Jan. 10 (Bloomberg) -- France missed annual goals for wind energy development for a second year amid bureaucratic hurdles, the cost of installation and local opposition, a lobby said.
About 650 megawatts to 750 megawatts of wind capacity were installed last year, about half of the 1,300 megawatts targeted, according to a presentation by the France Energie Eolienne industry group today. The outcome is as much as a 20 percent drop from 2011, which itself was down almost a quarter.
France plans to get 23 percent of its energy consumption from renewables by 2020. President Francois Hollande has said electricity from wind and sun offer “huge potential” for clean energy and job creation and pledged to ease development hurdles.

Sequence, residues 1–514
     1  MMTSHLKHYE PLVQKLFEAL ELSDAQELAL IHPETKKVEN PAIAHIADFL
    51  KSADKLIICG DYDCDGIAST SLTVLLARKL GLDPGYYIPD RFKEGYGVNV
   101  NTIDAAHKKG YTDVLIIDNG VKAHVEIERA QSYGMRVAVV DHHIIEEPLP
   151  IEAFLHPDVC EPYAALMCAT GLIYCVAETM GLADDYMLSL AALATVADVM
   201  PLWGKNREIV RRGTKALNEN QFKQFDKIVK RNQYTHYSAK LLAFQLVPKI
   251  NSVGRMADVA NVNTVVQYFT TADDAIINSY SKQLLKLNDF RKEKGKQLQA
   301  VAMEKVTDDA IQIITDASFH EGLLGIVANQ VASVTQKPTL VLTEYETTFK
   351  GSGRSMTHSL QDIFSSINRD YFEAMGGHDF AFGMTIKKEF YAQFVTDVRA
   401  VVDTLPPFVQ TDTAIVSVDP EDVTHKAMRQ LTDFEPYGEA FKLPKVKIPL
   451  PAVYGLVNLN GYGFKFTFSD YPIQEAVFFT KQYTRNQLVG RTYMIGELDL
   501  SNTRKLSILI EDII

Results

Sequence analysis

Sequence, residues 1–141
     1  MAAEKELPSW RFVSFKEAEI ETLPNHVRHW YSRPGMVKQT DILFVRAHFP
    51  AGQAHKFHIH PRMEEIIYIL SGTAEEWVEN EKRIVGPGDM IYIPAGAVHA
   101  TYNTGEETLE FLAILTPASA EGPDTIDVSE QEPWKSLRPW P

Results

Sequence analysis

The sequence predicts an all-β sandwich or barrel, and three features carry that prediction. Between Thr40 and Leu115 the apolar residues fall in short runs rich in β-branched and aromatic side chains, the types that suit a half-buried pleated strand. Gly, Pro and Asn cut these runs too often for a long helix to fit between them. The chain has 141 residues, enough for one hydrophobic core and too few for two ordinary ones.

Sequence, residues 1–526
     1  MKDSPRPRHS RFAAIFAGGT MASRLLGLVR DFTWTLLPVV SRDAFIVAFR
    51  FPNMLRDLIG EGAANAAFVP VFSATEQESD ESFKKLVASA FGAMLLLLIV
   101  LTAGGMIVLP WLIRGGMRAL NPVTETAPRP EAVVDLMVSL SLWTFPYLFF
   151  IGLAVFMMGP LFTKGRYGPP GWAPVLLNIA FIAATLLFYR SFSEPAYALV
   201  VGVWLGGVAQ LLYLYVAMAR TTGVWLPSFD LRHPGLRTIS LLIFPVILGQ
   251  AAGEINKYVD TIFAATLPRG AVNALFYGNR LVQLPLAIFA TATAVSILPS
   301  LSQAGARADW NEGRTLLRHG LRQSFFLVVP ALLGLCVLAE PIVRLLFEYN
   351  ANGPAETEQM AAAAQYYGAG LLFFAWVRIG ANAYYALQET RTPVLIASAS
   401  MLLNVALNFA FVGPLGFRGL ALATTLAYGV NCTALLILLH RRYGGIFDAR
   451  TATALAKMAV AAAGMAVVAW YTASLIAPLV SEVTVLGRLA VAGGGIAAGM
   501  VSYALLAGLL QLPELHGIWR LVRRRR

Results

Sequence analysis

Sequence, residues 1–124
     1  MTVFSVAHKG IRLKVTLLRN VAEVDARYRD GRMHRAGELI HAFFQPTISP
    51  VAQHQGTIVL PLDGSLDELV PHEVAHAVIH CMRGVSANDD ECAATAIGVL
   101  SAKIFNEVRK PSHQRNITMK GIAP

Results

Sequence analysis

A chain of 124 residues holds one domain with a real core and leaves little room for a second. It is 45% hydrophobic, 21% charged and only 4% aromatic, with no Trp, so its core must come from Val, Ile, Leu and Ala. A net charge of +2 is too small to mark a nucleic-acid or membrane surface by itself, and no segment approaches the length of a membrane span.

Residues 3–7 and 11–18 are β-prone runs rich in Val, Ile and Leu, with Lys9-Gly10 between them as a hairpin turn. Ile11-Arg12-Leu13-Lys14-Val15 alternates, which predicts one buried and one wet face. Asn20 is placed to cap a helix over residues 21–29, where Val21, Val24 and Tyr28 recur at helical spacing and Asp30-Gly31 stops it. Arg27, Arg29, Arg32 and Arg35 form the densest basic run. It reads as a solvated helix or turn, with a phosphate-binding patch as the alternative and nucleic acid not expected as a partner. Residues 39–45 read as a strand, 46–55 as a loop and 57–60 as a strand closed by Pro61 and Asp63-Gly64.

The country gets on average 3 percent of its power output from wind turbines a year compared with more than 75 percent from nuclear reactors, the industry lobby said.
France had about 6,800 megawatts of installed wind capacity at the end of 2011 compared with 29,000 megawatts in Germany and more than 21,600 megawatts in Spain, according to the latest statistics available from the European Wind Energy Association.
The government began a debate on energy after Hollande pledged to lower the country’s reliance on atomic energy.
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